Ambitious adventures often swerve into action or RPG territory these days and rarely leave, but not everyone has given up on thoughtful and slow-building games where players walk rather than run and the dialogue is something to be savoured rather than skipped or discarded. In fact, of all the genres covered by this year's Coming Attractions, we're pinning a disproportionate number of hopes in the adventure category.
The premise is simple: Chicago's been crippled by an unexplained earthquake, and you've got to cut across it to try and find your girlfriend. But this is no platformer and no shooter. Instead you fend off other survivors fighting for bottled water by tricking them onto disintegrating glass panels, hold looters at bay by waving an empty shotgun in their direction, and avoid confrontation, despite the first-person perspective.
Ubisoft has been responsible for some of the most ambitious game-worlds of the last few years (Assassin's Creed, Far Cry 2 and Prince of Persia most notably) but there's often been a tension between the technology and the increasingly predictable gameplay overlaid upon it - a trend the unpredictable landscape of a post-disaster Chicago will hopefully arrest in I Am Alive.
It might not work out - and the developer's previous game, Cold Fear, was a bit spotty - but Ubisoft's permanent determination to do something different is beguiling, despite a few missteps, and the thought of a disaster scenario built on restraint rather than reflexes is enough to propel this to the top of our most-wanted list.
Supporting Cast (in alphabetical order)
It's Michel Ancel back doing his thing. The first game was beautiful, elegant and charming beyond its means, and deserved the success the first Prince of Persia reboot, launching at the same time, found instead.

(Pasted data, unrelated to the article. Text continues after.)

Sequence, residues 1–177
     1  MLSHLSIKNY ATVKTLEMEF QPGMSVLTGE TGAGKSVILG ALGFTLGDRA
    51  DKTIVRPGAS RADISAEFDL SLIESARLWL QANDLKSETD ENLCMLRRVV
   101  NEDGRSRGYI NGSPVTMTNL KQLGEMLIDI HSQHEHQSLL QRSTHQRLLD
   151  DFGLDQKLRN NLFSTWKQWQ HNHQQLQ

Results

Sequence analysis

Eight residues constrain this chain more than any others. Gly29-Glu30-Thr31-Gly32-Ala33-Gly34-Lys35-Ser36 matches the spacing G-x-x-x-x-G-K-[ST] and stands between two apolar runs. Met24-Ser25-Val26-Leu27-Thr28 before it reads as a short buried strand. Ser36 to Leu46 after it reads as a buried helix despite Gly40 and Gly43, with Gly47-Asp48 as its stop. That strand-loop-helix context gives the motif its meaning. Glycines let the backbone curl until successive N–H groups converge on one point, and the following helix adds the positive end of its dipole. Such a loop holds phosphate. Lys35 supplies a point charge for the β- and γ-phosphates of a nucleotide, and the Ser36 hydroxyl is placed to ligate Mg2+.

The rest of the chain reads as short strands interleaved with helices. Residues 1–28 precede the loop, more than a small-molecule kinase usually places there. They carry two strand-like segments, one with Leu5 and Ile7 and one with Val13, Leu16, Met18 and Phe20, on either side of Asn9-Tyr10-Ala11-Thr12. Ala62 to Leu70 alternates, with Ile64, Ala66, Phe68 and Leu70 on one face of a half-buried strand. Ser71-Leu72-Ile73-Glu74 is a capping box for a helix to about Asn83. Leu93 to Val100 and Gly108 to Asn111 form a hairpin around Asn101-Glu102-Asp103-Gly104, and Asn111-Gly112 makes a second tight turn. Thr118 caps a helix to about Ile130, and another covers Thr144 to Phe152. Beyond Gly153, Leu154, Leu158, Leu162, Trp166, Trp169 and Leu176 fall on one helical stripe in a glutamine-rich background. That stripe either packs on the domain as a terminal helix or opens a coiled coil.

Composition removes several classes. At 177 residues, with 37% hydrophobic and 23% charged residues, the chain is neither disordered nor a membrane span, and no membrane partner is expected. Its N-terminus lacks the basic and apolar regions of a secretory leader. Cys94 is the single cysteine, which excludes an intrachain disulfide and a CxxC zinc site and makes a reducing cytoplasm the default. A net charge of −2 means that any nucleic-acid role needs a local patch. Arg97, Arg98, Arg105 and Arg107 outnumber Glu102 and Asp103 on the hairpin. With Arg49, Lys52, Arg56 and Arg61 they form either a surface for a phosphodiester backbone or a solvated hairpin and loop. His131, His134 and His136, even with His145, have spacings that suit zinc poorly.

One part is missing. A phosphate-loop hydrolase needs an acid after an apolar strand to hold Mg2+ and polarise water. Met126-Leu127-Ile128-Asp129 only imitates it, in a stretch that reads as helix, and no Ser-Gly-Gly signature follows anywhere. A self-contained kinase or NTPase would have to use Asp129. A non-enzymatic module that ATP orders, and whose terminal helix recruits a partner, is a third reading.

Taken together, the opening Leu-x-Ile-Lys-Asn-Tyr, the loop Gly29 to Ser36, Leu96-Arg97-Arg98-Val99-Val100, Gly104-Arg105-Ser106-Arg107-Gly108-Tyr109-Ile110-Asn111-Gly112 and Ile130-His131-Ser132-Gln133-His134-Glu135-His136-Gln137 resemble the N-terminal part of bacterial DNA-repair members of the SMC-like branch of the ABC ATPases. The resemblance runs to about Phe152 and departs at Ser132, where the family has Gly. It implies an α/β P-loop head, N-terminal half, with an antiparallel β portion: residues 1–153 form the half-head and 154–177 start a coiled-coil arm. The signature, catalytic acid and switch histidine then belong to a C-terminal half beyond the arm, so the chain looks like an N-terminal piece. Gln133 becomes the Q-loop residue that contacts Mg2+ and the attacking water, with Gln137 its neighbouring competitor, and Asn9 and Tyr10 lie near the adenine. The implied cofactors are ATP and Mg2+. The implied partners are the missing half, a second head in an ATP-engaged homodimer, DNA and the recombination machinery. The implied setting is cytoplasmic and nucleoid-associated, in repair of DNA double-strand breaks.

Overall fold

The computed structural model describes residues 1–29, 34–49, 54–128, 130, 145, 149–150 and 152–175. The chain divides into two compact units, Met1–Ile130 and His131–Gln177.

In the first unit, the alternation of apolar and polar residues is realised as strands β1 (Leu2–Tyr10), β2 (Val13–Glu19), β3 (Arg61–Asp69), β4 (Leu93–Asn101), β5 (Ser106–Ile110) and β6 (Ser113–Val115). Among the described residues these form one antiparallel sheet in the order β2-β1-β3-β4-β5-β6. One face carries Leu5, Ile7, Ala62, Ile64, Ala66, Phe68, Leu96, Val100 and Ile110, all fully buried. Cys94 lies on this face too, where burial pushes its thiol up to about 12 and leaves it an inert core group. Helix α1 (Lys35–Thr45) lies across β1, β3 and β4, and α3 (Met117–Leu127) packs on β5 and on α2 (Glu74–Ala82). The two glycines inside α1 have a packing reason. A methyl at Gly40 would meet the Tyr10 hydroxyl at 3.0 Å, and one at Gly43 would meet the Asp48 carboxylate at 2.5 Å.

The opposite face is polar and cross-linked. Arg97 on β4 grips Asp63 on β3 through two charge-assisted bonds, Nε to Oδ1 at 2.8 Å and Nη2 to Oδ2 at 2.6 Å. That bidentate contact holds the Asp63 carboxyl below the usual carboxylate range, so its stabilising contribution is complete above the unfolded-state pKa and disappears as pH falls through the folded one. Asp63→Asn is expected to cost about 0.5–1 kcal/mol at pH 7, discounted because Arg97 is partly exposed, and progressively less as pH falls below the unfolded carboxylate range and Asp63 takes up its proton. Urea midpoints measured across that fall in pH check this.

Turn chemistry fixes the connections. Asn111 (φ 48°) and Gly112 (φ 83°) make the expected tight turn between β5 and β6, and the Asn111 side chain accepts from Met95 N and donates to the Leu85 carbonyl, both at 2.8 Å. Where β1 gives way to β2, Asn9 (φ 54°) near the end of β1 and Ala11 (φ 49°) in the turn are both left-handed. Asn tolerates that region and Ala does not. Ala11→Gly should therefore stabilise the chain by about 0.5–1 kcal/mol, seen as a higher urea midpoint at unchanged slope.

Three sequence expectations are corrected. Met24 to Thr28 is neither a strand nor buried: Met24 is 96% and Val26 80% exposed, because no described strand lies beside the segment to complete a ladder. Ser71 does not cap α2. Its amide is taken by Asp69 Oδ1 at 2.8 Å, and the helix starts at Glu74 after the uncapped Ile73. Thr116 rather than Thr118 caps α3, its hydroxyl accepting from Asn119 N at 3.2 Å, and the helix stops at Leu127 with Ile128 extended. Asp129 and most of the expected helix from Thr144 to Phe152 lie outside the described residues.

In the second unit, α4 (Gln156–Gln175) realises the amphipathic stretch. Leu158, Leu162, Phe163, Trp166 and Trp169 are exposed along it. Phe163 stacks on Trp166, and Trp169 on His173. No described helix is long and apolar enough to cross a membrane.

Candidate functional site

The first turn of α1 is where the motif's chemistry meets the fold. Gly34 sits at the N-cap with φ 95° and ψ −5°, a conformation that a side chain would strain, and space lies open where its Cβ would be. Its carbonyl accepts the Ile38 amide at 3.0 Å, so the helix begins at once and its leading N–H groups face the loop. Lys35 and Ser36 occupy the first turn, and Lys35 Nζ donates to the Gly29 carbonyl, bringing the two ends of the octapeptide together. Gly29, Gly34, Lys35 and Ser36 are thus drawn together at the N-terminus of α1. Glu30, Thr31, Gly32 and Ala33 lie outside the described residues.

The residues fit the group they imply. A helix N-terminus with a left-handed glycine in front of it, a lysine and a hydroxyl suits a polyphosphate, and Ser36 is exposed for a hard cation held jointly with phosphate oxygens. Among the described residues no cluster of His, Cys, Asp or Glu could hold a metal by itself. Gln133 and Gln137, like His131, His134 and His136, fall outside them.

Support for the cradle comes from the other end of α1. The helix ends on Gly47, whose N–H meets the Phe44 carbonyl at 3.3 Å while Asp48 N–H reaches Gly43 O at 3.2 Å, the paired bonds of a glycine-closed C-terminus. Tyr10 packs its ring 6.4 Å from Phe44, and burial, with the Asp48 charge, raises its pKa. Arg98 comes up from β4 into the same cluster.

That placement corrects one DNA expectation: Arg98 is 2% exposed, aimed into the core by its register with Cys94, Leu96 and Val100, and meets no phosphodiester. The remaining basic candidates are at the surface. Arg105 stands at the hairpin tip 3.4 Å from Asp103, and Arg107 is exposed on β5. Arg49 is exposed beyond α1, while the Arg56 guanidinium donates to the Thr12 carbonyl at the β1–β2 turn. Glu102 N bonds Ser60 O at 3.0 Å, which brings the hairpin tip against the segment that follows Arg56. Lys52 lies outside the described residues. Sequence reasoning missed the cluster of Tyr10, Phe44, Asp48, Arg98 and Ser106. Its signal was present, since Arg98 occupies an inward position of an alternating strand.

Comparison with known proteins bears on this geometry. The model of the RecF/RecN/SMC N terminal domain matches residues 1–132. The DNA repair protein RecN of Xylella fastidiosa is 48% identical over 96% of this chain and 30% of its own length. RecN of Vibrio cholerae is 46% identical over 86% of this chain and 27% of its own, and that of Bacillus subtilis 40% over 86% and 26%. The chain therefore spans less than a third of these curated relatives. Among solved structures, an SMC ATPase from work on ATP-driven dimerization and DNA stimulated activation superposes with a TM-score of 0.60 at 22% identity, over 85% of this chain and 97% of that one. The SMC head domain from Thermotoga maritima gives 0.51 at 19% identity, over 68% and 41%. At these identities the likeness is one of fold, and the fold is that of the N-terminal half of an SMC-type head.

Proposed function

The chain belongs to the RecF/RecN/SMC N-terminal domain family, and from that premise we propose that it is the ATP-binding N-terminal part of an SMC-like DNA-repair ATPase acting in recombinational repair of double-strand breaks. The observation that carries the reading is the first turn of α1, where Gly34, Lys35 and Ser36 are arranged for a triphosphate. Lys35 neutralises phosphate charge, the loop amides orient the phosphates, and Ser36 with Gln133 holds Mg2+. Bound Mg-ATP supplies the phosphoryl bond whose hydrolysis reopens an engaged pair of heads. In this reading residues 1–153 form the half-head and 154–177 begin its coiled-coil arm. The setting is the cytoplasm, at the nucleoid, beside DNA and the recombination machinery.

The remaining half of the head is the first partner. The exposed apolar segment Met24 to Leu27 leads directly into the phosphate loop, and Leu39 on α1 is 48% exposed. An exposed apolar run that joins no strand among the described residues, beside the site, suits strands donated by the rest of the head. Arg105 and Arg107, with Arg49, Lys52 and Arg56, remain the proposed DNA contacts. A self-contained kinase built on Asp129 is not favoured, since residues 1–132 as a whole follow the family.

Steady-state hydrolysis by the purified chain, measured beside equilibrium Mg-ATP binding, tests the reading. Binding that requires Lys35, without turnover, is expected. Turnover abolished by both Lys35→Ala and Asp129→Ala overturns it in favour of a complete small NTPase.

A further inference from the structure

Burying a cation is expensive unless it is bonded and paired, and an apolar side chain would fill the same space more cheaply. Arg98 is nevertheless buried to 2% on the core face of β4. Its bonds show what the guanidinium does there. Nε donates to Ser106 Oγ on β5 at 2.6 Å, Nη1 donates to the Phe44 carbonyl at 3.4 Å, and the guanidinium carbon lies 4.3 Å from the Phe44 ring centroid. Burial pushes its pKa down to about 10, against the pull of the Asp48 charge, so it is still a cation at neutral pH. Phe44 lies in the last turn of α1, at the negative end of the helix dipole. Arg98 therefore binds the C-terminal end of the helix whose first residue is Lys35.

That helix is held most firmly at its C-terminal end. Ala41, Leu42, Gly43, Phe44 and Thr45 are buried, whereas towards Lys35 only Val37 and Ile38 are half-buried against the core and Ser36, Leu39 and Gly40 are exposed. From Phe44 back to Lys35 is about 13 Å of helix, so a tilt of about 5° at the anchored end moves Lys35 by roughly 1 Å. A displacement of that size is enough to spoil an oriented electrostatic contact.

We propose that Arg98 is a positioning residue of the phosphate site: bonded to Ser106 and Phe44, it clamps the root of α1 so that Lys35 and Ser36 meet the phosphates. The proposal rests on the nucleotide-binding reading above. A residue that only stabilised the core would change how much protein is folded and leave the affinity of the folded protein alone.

It's Tim Schafer back doing his thing, this time with a little help from manic funnyman Jack Black. The story - a roadie dragged into a fantasy world based on rock culture - is straight out of a Tenacious D record. As Psychonauts proved, the game could be anything; it'll certainly be something.
On: PS3 / Developer: Quantic Dream / Publisher: Sony / Release: Second half
It's David Cage back doing his thing. Fahrenheit was inventive but a bit divisive and grew increasingly ludicrous towards the end, but you couldn't not finish it. Heavy Rain is even more ambitious, and strives to provoke a similarly kaleidoscopic emotional response.
On: PS3 / Developer: Amusement Vision / Publisher: SEGA / Release: 2009
It's Toshihiro Nagoshi back doing his thing. The Yakuza games' bare-knuckle scuffles may be pure action, but their appeal is really all in the whisky-sodden melodrama, hostess-bar seductions and street-strutting cool. The first PS3 instalment wowed TGS with virtual actors to match Heavy Rain's and an actual drunk karaoke mini-game; here's hoping SEGA gives Yakuza a louder Western voice this time around.
The interminable development of Alan Wake rumbles on at Remedy, but we vaguely expect to see it this year; Telltale persists with its impressive episodic adventure efforts by calling upon Nick Park's lovable Wallace & Gromit for Grand Adventures; and Tecmo manages to stop re-enacting a Neighbours episode in the courtrooms long enough to put out Project Zero 4 on the Wii, with a bit of help from the excellent Grasshopper Manufacture.
Coming Attractions concludes on Monday with the long-awaited Shooters & Racing.